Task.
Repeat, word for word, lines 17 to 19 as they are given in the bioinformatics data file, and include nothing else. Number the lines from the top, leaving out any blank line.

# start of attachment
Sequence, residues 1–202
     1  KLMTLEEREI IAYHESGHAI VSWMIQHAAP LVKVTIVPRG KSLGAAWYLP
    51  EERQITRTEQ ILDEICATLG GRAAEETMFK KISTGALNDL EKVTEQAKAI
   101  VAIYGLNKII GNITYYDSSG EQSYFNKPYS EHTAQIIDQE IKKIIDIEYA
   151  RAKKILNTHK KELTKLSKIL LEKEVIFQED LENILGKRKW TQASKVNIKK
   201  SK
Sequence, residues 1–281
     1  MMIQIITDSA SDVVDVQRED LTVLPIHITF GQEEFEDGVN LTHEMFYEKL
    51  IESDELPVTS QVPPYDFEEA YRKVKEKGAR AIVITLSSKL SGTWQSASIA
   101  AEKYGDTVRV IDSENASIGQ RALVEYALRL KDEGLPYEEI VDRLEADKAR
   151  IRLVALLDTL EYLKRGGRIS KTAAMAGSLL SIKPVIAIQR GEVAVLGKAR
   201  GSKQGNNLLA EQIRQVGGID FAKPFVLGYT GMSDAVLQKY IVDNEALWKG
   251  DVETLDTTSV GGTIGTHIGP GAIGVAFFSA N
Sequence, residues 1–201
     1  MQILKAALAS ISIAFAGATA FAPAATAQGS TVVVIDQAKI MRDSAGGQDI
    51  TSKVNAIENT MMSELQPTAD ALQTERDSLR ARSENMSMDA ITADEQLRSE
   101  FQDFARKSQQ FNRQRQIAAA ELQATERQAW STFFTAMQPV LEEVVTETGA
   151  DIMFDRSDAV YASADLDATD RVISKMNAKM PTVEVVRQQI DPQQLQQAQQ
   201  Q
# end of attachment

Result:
   101  FQDFARKSQQ FNRQRQIAAA ELQATERQAW STFFTAMQPV LEEVVTETGA
   151  DIMFDRSDAV YASADLDATD RVISKMNAKM PTVEVVRQQI DPQQLQQAQQ
   201  Q